To round off the menu after fruits and vegetables, today let us look at protein. After Masterchef, it is known as the hero of the dish, and certainly many a diet revolves around the 50’s traditional meat and three veg. But how does this change in the future, the past, in a fantasy world or in a romance? Or the traditional ‘rat on a stick’ apocalypse menu?

Protein is an essential part of the human diet. It builds bones, muscles, probably brain cells and all sorts of things you need to get about. These days, for much of the developed world, we get more than enough protein to meet our needs. Most sources of protein are animal based, but there are healthy quantities in plants – lentils, beans, chickpeas, tofu, nuts and peas. The 70’s seemed to be a time when people worried about protein levels, possibly coinciding with vegetarian diets becoming more mainstream. Many of the cookbooks focus on often peculiar ways to food combine for the ultimate protein meal  – rice and beans for example. This was also the time when fad foods such as nutritional yeast and blackstrap molasses became strangely interesting, and lentils were consumed in alarming quantities.

Amusing as 70’s cookbooks can be, a lack of protein is not funny. Low protein levels affect hair growth, cause bone growth deformities and have some bad effects on your innards and your muscles waste away. Quite a few explorers have discovered this, as well as people in poor situations and most likely throughout history. For large families – the norm before contraception – each child would deplete the mother’s energy stores. There are horrible stories of the decreased health levels of subsequent children, not to mention that the mother will often give her food (meat especially) to the husband and children first.

High protein diets are popular now, with the paleo phase and numerous others. These can also cause problems as your body then has to excrete the unneeded protein and your innards get stressed. While this is a fad today, in the past it was the disease of royalty and the rich.

So what sorts of protein are we talking about? For much of history it is most likely that animal protein formed a small portion of a diet rich in plants, legumes and grains. Even hunter gatherers relied heavily on the gather part. Plants are easier to hunt!  But humans are bold omnivores, and if it tastes ok, it is most likely someone has eaten it.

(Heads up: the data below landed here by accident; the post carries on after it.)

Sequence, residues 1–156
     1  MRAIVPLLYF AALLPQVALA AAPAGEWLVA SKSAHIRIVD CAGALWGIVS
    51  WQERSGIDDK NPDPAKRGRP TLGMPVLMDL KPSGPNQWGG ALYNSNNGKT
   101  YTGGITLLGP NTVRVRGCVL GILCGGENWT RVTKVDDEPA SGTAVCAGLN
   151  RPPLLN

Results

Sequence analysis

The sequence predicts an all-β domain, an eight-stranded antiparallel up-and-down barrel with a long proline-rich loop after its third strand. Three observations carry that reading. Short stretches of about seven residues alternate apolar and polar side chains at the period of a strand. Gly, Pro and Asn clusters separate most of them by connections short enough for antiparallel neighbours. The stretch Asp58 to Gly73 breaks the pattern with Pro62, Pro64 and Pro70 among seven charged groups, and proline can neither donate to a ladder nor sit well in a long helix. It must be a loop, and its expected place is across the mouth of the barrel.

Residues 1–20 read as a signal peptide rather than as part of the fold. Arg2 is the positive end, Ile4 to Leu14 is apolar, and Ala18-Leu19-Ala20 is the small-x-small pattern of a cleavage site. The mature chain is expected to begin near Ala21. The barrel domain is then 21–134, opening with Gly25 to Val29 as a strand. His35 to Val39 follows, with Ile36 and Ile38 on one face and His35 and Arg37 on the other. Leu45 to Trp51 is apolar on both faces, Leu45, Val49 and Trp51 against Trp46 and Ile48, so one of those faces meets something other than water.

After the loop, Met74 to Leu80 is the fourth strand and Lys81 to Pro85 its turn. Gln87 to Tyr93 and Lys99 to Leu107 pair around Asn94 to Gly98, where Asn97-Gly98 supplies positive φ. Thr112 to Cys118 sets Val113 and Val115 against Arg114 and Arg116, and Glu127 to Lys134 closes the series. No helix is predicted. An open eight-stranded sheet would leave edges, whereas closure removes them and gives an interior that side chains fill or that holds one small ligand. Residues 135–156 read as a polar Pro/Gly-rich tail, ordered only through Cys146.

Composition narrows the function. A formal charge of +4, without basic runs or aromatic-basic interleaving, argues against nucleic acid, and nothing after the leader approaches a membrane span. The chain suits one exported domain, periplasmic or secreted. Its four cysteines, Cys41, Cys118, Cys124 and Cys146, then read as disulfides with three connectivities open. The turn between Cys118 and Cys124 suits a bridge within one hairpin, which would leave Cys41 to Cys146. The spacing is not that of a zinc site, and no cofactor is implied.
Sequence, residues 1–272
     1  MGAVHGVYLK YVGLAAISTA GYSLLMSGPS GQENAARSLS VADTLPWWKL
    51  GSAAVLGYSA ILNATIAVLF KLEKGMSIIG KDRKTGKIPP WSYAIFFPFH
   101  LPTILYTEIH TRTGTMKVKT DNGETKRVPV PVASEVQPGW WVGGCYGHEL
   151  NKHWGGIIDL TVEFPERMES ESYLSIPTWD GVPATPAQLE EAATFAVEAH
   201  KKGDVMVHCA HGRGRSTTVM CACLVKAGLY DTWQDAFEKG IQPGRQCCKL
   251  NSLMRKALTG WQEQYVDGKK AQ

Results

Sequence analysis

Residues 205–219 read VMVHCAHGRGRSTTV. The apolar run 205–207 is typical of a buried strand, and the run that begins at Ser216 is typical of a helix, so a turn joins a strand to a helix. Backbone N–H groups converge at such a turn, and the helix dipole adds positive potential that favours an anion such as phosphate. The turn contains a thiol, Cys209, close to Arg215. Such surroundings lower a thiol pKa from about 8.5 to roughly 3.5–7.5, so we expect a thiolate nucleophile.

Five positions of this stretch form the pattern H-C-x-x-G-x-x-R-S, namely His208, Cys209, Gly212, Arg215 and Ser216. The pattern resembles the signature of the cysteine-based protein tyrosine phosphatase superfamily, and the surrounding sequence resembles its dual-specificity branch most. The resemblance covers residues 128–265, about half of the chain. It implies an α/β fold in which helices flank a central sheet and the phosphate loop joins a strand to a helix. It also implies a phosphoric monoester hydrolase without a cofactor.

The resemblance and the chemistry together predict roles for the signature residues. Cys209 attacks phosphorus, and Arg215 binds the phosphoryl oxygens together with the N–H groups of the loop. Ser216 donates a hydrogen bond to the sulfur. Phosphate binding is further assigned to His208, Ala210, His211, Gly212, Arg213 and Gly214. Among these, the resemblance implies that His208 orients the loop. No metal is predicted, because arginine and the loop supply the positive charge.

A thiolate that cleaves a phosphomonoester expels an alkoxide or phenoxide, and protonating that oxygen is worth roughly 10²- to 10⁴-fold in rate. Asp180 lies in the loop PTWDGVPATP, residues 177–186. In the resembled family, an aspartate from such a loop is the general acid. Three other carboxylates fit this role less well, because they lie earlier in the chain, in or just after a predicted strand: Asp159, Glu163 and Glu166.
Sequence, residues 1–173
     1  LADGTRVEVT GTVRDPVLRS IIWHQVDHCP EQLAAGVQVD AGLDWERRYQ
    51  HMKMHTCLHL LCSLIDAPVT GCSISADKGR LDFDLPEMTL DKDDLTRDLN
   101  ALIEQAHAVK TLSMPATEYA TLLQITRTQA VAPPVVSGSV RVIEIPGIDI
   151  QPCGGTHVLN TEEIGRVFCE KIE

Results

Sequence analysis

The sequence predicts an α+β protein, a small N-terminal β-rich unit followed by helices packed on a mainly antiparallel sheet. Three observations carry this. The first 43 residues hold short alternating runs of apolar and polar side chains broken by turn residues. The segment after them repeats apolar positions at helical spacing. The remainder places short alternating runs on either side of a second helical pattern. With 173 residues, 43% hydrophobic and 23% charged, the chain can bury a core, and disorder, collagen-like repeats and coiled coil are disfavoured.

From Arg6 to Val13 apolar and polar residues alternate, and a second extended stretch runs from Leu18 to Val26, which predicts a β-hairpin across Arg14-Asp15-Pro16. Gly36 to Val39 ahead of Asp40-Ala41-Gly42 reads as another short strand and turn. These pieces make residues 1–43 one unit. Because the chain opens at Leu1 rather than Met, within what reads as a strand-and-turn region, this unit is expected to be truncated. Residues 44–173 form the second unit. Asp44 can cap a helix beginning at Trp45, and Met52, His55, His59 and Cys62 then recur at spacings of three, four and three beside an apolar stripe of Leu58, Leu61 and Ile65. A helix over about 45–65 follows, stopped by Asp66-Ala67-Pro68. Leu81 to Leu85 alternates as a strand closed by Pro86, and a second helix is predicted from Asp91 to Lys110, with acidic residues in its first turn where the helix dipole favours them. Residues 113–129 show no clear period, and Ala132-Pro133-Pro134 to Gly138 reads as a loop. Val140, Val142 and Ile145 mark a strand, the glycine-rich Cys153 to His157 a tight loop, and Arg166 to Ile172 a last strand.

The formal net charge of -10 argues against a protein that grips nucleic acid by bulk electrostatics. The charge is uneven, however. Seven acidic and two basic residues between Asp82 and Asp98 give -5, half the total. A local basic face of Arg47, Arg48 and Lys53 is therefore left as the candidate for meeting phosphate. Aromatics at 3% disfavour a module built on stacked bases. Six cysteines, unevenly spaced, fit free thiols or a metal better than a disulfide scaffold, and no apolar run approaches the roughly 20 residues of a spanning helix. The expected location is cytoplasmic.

So historically, hunted animals would have been a food source, depending on the environment. Mammoths and elk in an ice age, gazelle on the grasslands, kangaroos in the desert. But don’t forget the easy to catch small fry. Lizards, mice, birds, insects, guinea pigs and shellfish are all eaten somewhere. Just don’t have your characters eating rabbit before they were introduced. It is hard to remember that just because it is everywhere now, doesn’t mean that it was so in the past. Even chicken was a luxury food before breeding and farming made them a cheap meat. Oysters used to be so abundant they were food for the poor in London. Hate offal? Look at how many recipes there are in Mrs Beeton for tripe and things to do with kidneys (and pig ears, lungs, liver, sweetbread and head). Try working boiled pigs head into a romance!

In a fantasy, food can be hunted or traded. Think of markets where the meat is sold hanging in the open air. Are they cooking it soon? Scraping maggots off? Drying it? Pickling it in brine? Without refrigeration, meat storage is a lot harder. Who of the party knows how to gut things, or deal with all the purple wobbly innards? Are they keeping the fur or feathers for lighting a fire? Using the hide? Cleaning intestines for twine?

Science fiction can make the whole issue of where protein comes from go away. With a replicator, you can produce meat that never had a face. But you still need the raw materials. Recently there were photos of a 3D printed steak made of vegetable protein, so that’s’ one option. Another is in the supermarket, with a growing variety of vegetable based meat products that even bleed beetroot juice. Yet another option is vat grown meat. A few muscle cells from an animal, a growing nutrient solution and you have a lump of meat to make into things that resemble food, like chicken nuggets. While it probably doesn’t taste like it ran across grass, it is also likely that future consumers will not know the difference, or might even gag at the thought of eating an animal.

Post apocalypse, well anything goes. Depending on the characters, they could survive on a large store of dehydrated meals. Hunting, garden growing and looting all become valuable survival skills.

So a protein should be accessible in your world, palatable to your characters (and readers, so you can sell a spin off cookbook!) and have some realism to it. While Romans and Victorians might have sat down to roasted plover, it is unlikely to feature on a billionaire boyfriend’s menu.

Thanks for reading my blog during 2020. I’ll take this opportunity to wish everyone a safe holiday season, and hope that a vaccine is not far off now. Until then, mask up, wash up and keep your distance and we can get through and look forward to better times ahead. Cindy Tomamichel

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World Building: Protein
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One thought on “World Building: Protein

  • December 23, 2020 at 11:19
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    I always enjoy your blogs and this post is no exception.

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